It is often said that the images that come to mind when thinking or writing about the cultural history of British Columbia are the province’s varied landscape and the art of the First Nations people....

By Maria Tippett

Book Review

Truth & Indignation: Canada’s Truth and Reconciliation Commission on Indian Residential Schools

The struggle to articulate Canada’s Truth and Reconciliation Commission (TRC) has seen varying degrees of success since the Commission was established in the 2006 Indian Residential School Settlement Agreement. In 2008, the Aboriginal Healing Foundation...

By David Gaertner

Book Review

The West Coast Modern House: Vancouver Residential Architecture

West Coast Modernism describes a particular brand of mid-twentieth-century architecture that developed in the Vancouver region, a style much talked about but not widely published. The firms most closely associated with the manner include Thompson,...

By Harold Kalman

Book Review

The Grand Hall: First Peoples of Canada’s Northwest Coast

These two volumes present an impressive view of Canadian museology as it has evolved over the past thirty years. Leslie Tepper’s The Grand Hall, an updated and revised version of Andrea Laforet’s The Book of...

By Hannah Turner

Book Review

The Chinchaga Firestorm: When the Moon and Sun Turned Blue

Some fires are justly renowned. Some are celebrities — known for being known. A few are famous for being unknown. The 1871 Peshtigo fire in the US has long marketed itself as America’s Forgotten Fire....

By Stephen J. Pyne

Book Review

Patrician Liberal: The Public and Private Life of Sir Henri-Gustave Joly de Lotbinière, 1829-1908

  At first glance, a review of the biography of a nineteenth century Quebec politician seems out of place in BC Studies. Born in France in 1829 to a wealthy French Protestant father and his...

By Patricia E. Roy



Tony Ballantyne is a Professor of History, Director of the Centre for Research on Colonial Culture and the Pro-Vice-Chancellor Humanities at the University of Otago. He has published widely on the cultural history of the British Empire and the relationships between imperial and global histories. His most recent sole-authored book is Entanglements of Empire: Missionaries, Maori and the Question of the Body (Duke and Auckland University presses, 2014).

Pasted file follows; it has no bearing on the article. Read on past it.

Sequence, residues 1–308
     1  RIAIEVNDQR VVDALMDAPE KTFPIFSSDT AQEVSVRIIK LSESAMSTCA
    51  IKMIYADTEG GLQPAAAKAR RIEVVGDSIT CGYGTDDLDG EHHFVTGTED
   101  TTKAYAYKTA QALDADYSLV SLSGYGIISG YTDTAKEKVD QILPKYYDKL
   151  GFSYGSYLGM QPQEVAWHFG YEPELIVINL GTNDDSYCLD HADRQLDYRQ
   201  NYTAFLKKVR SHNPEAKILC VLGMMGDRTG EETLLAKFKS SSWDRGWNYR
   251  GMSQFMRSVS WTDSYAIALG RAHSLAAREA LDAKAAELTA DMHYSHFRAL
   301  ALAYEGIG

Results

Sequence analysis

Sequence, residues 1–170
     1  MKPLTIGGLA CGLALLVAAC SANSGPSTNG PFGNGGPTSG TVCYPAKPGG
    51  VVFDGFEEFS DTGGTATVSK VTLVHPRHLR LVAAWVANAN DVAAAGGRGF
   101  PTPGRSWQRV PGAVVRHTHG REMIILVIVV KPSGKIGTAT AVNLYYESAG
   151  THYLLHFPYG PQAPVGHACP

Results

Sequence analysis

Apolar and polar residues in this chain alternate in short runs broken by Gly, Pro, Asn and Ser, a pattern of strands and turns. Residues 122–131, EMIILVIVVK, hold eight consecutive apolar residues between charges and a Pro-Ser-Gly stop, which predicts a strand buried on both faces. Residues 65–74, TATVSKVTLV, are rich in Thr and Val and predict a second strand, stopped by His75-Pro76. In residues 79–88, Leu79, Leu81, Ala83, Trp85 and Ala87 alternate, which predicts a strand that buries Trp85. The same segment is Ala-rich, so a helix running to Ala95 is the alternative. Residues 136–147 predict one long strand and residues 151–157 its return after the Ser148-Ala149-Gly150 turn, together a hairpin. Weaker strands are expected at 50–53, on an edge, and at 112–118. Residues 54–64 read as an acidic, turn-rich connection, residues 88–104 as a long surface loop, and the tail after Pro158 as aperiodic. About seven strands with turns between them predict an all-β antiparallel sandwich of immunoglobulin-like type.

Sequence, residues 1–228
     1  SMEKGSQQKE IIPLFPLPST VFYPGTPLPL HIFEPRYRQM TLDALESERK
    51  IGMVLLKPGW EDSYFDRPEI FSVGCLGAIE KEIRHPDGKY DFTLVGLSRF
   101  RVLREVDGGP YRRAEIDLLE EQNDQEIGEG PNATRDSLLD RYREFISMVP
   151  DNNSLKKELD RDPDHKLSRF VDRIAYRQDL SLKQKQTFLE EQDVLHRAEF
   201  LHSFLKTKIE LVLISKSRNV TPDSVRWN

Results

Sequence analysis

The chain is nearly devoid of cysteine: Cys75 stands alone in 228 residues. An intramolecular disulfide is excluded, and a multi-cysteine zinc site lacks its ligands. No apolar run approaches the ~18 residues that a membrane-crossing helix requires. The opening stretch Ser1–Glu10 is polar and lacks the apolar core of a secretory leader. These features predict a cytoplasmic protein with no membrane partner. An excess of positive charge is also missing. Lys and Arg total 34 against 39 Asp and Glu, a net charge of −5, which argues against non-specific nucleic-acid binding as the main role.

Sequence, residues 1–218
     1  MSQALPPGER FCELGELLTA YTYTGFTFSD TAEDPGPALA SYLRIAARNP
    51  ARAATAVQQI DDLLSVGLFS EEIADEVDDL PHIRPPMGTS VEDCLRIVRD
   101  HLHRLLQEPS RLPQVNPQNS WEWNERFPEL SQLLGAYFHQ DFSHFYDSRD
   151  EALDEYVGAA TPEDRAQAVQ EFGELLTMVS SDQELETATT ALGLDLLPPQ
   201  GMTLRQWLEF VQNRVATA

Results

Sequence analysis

Daniel Clayton is Senior Lecturer in Geography at the University of St. Andrews. He is co-editor of the Scottish Geographical Journal and on the editorial board of BC Studies. He is the author of Islands of Truth: The Imperial Fashioning of Vancouver Island (ubc Press, 2000), has published widely on the relations between geography and empire (and most recently decolonization), and is currently completing a book entitled Colonialism’s Geographies (Routledge)

Heather Devine is a historian and heritage professional whose pub- lications, research, and teaching specialties include Canadian Native history (with a particular focus on Métis ethnohistory), museum and heritage studies, and western Canadian ethnic history. She has worked in consulting and curatorial capacities with the Archaeological Survey of Alberta, the Royal Alberta Museum, the Nickle Arts Museum, and the Canadian Museum of History. She is author of The People Who Own Themselves: Aboriginal Ethnogenesis in a Canadian Family, 1660-1900 (University of Calgary Press, 2004), winner of the Harold Adams Innis Prize for 2004-05.

Fae Dussart is the co-author, with Alan Lester, of Colonization and the Origins of Humanitarian Governance. Protecting Aborigines across the Nineteenth Century British Empire, published by Cambridge University Press in 2014. The meaning and constitution of British, imperial and colonial identity, and the intersection of these with the formation of spaces and places, are major themes of Fae Dussart’s teaching and research. These have focused on domestic service in nineteenth century India and Britain, and on humanitarianism and colonialism in the British Empire.